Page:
Just like discussions in face-to-face settings, occasionally you will run into one of two problems in threaded online discussions:

  1. Students won’t talk
  2. Students just swap personal opinions

If this is happening in your course, consider assigning various roles to discussion participants. For example, if you are studying a topic you may want to assign the roles of the various stakeholders to learners. You may want to first break learners up into smaller discussion groups. They would then respond to the discussion topics and peer posts from the perspective of their assigned role.

Another option for assigned roles is to again break learners up into smaller groups. You may want to have more than one learner assigned to a role. Create and assign roles such as:

  • Question Creator-the learner in charge of composing the discussion topics or questions.
  • Replier-the learner who replies to the discussion topics or questions.
  • Commenter-the learner who comments on the replies to the discussion topics or questions.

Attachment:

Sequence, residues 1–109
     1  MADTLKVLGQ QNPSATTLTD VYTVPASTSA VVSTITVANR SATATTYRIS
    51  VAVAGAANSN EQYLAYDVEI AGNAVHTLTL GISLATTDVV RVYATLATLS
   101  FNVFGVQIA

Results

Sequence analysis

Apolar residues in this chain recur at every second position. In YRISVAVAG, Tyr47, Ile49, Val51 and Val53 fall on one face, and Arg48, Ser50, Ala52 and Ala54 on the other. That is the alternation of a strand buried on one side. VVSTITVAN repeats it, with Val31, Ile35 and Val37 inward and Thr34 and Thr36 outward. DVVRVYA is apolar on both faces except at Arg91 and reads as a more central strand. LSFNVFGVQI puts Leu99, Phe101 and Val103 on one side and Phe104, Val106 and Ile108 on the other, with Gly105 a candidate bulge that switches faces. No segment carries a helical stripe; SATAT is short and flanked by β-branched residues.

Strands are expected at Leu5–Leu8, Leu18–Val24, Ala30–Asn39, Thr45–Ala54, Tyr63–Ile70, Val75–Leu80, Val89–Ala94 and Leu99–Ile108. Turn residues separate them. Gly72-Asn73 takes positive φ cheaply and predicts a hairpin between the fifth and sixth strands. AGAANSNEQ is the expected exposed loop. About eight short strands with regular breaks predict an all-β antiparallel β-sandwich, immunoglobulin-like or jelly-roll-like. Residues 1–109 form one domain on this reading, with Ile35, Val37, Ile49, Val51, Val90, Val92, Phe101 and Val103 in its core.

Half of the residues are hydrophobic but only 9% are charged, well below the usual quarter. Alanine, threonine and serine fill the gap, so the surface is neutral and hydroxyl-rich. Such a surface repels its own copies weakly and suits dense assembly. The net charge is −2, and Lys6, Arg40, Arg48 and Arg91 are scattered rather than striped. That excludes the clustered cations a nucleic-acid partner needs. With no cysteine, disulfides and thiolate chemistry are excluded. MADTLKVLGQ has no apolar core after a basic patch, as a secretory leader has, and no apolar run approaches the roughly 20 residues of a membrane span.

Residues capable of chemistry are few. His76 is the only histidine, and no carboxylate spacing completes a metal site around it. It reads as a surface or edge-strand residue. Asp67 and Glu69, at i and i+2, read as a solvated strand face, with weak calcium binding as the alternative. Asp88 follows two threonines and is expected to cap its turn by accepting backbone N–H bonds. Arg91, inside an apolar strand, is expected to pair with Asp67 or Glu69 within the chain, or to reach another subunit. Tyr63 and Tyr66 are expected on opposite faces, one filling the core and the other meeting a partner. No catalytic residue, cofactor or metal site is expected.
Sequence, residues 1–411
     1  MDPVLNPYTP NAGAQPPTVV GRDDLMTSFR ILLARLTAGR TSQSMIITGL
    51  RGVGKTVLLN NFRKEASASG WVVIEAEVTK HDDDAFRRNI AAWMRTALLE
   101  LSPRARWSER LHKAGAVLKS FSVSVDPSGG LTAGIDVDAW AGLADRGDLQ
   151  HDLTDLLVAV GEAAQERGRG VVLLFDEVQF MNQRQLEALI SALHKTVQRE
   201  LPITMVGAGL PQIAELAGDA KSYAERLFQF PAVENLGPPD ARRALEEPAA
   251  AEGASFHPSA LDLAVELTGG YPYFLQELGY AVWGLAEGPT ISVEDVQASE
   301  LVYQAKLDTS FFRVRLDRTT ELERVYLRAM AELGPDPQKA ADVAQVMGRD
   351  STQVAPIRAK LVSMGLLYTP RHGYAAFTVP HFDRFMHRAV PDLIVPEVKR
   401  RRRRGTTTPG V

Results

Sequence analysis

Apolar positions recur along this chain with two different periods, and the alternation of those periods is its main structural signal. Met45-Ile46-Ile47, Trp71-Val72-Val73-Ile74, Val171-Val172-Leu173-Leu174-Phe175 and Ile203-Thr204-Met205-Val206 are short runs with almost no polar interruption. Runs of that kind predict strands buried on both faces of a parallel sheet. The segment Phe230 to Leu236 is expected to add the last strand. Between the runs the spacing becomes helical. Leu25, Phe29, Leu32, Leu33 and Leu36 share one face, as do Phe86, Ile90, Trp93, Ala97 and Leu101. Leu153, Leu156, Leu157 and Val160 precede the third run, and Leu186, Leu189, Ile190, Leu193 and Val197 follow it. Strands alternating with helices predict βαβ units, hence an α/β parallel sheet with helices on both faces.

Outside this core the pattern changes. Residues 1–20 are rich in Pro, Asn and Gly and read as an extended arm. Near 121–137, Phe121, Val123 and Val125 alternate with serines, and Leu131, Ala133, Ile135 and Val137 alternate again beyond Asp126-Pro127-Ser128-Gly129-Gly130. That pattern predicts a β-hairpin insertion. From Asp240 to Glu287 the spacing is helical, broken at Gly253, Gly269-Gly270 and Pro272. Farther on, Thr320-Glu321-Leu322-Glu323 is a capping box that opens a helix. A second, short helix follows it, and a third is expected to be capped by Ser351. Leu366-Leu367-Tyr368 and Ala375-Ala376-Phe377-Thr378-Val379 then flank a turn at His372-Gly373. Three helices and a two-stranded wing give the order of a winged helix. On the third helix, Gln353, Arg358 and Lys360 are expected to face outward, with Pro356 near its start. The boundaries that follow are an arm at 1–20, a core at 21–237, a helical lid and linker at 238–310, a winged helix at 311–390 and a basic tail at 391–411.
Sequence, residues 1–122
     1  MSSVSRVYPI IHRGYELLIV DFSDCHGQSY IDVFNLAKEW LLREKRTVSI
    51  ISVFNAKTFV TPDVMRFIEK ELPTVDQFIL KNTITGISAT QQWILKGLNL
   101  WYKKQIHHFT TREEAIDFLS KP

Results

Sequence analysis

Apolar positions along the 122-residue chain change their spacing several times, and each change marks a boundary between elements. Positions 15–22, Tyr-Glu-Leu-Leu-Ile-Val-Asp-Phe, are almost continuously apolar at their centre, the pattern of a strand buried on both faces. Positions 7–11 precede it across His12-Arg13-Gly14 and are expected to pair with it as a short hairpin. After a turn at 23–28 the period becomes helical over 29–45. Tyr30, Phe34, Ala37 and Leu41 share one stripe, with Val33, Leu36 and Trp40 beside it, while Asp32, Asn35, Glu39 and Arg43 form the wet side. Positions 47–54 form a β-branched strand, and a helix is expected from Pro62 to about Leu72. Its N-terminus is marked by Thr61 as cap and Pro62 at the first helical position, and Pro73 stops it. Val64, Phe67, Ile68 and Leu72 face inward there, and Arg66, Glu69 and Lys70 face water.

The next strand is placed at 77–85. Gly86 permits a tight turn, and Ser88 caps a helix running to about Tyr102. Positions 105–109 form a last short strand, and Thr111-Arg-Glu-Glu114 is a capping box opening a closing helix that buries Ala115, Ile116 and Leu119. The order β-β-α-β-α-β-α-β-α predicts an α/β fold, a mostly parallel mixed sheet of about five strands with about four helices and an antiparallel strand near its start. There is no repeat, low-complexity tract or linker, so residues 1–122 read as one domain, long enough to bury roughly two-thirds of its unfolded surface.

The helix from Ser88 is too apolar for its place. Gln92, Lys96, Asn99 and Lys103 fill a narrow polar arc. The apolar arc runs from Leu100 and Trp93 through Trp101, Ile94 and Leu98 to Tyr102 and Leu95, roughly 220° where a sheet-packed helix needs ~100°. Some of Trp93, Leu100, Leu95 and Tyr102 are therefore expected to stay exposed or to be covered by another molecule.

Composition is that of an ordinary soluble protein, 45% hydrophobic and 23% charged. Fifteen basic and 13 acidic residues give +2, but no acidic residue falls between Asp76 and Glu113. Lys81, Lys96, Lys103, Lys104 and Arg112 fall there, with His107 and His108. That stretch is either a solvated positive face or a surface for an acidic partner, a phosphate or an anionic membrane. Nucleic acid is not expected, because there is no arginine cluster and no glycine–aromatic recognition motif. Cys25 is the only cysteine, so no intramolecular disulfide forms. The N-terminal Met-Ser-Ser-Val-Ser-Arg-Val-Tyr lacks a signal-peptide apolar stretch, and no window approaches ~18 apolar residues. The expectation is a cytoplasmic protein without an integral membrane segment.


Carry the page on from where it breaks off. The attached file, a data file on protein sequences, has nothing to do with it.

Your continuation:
• Related Media Searcher-the learner who searches for media related to the discussion.
  • Fact-finder-the learner who finds facts to share about the discussion topics or questions.

Finally, Brookfield (2011, p. 13) described the following roles that you could also use:

  • Devil’s Advocate: This person listens carefully for any emerging
    consensus. When she hears this she formulates and expresses a
    contrary view.
  • Umpire: This person listens for judgmental comments that sound
    offensive, insulting and demeaning.
  • Connector: This person does her best to show how participants’
    contributions are connected to each other.
  • Appreciator: This person makes comments indicating how she
    found another’s ideas interesting or useful.
  • Speculator: This person introduces new ideas, new interpretations
    and possible lines of inquiry into the group e.g. “I wonder what
    would happen if …?”, “I wonder what (major theorist) would say
    about ….?
  • Active Listener: This person tries to paraphrase others’
    contributions to the conversation (“So what I hear you saying is
    …”, “If I understand you correctly you’re suggesting that …”)
  • Underscorer: This person emphasizes the relevance, accuracy or
    resonance of another person’s comments and underscores why the
    comments are so pertinent
  • Evidential Assessor: This person listens for comments that
    generalize or make unsupported assertions. She then asks for the
    evidence that supports the assertions being made.

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